A History of Mt. Pisgah Presbyterian Church
Early settlers and Members to 1818


Part of the Northwest Territory Trails Section
of
The Illinois Trails History and Genealogy Project
http://www.iltrails.org/



In the year 1780, Samuel Stevenson and Jane Gay, his wife, came from the fort in Lexington to live in their new long cabin, erected on the lands which they had surveyed in the new Kentucky country. Their home stood upon the wooded point of land just west of the present site of the church. The house had been built by Stevenson and his slaves, with the help of his brother-in-law, Alexander Dunlap and John Gay, and their friend, Moses McIlvain. In the same season were built the homes of Dunlap and Agnes Gay, his wife; of John Gay and Sally Lockridge; of Moses McIlvain and Margaret Hodge. These homes were within a mile of each other and each near to a spring of water. The grant of land had originally been acquired and the claim located by Samuel Stevenson. He and Dunlap had each married sisters of John Gay. These were Scotch-Irish Virginians, all from Augusta County.

About the same time, even earlier, pioneer Presbyterian famililes had settled in the region, the furthest not being more than six miles away. Among them were the Allens, Scotts, Evansees, Garretts (who came to Fort Garrett in 1778), Rennicks, Martins, Longs, Fergusons, Burriers, Blacks, Robbs, Elliotts, Watsons, Campbells, Howes, Steeles, Wardlaws, Youngs' and Stewarts. Another pioneer family, only three miles from the church, was that of the Wasons, who came out of the Lexington stockade in 1780 or 1781. At first, they were members of the Associate Reformed Church at Lexington. Finally they became members of Pisgahm Dr. R. H. Wason being one of its elders.

Three families of Stevensons settled here, none of them related to each other. At a somewhat later period, other names appear among the people of Pisgah. Among them are the Marshalls, Hardins, Richeys, Stones, Smedleys, Spencers, Youngs, Taylors, Berrymans, Miltons, Linghamfelters, McPheeters, Castlemans, Bohannons, McCroskeys, Scrogins, Stogdols, Coxes, Wallaces, Alexanders, Hedgers Wheelers, Worleys, Coffmans, Jameses, Halls, Andersons, Eastons, Carrs, Kinkeads, Armstrongs, Whittingtons, Aikins, Thompsons, Boardmans, Lytles, Waltzes, Fraziers, Burnams, Berrys and the Hamiltons.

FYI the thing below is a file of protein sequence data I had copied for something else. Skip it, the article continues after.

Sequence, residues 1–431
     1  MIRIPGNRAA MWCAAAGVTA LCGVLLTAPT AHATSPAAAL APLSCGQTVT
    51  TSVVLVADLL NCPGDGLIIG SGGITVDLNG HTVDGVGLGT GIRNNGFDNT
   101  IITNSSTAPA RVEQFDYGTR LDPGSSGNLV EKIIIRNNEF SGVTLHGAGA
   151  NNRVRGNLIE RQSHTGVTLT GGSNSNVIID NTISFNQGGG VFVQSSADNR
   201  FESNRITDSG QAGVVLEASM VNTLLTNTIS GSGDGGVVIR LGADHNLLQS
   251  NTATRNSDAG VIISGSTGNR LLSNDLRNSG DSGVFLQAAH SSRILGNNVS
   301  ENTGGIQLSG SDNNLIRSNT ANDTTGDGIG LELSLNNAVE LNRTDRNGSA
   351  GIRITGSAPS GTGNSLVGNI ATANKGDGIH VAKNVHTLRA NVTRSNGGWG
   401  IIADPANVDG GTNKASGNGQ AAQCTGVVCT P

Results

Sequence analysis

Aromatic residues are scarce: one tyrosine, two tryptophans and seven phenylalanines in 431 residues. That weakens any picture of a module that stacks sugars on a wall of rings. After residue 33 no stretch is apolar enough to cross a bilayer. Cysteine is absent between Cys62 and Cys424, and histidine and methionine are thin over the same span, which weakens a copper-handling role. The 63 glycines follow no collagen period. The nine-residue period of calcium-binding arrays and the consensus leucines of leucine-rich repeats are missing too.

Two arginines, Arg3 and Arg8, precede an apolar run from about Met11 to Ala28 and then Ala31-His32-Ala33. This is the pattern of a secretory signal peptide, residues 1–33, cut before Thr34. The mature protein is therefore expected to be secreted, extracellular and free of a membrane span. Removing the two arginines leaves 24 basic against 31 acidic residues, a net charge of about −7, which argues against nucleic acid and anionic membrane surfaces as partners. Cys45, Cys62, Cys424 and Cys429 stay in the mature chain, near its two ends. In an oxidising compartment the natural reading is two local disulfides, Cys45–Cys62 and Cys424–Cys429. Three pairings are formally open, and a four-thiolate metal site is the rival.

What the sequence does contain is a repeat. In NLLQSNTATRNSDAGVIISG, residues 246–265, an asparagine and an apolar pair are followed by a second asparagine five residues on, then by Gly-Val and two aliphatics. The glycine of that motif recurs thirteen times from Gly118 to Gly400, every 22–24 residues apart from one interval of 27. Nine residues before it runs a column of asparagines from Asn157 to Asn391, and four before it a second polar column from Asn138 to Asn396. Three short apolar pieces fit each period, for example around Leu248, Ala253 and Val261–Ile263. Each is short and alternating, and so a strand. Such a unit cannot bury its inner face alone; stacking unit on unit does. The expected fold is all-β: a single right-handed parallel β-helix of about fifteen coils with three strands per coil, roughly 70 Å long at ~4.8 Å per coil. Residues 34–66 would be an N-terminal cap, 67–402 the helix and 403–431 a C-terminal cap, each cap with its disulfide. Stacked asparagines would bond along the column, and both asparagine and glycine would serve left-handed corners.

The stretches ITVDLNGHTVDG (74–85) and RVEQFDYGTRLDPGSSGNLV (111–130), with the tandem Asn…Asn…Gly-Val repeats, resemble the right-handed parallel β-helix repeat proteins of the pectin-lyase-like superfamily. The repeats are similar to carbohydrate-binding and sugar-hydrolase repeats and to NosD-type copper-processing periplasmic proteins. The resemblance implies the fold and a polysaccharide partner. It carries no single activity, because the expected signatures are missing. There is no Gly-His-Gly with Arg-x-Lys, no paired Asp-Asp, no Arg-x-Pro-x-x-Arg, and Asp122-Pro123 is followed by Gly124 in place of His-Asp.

The following are the names that appear in the Church records. No known record earlier than 1 January 1808, is known to exist.

1808

Moses McIlvain

Margaret McIlvain

William McIlvain

John Armstrong

James Ritchie

Jane Ritchie

Phebe Ferguson

Arthur Campbell

Joseph Robb

Mrs. Elinor Robb Logan

Alexander Black

Agnes Black

Agnes Steele

Polly Steele

William McPheeters

Hugh Muldrow

Jane Muldrow

Samuel Stevenson

Jane Stevenson

Mary Stevenson

George Campbell

Nancy Campbell

Nancy Kirkham

James Rennick

Mary Rennick

Lydia Rennick

Margaret Rennick

John Elliott

Ellender Elliott

Rebecca Allen

James White

John McMahon

Mary McMahon

Benjamin Stevenson

Mary Stevenson

Mary Long

Joanna Campbell

Margaret Stevenson

Mary Stevenson

Elizabeth Elliott

James Stevenson, Sr.

James Stevenson

Joshua Whittington

Mary Stevenson

Joshua Whittington

Mary Stevenson

Sarah Dunlap

Archibald Kinkead

William Stevenson

Susanna Stevenson

Martha Martin

Susanna Aikin

Mrs. Sarah Gay McIlvain

Sarah Gay

Abram, a slave

Lucy, a slave

1809

Nancy Kirkham

Agnes Marshall

1813

? Brown

? Brown

1814

Mrs. Mary Lackland

Mrs. Jane Carr

1816

Mrs. Mary Smith

Col. Tunstall Quarles

1817

Mrs. Mary Gordon

Jane Allen

Rebecca Gay

1818

Cornelius Hoolman

Jane Carr

Mrs. Campbell

Mrs. Polly McCullough

Mrs. Catherine Milton

Mrs. Frances Armstrong

Mrs. Nancy Quarles

Livy Bohannon

George Burger

Rebecca Burger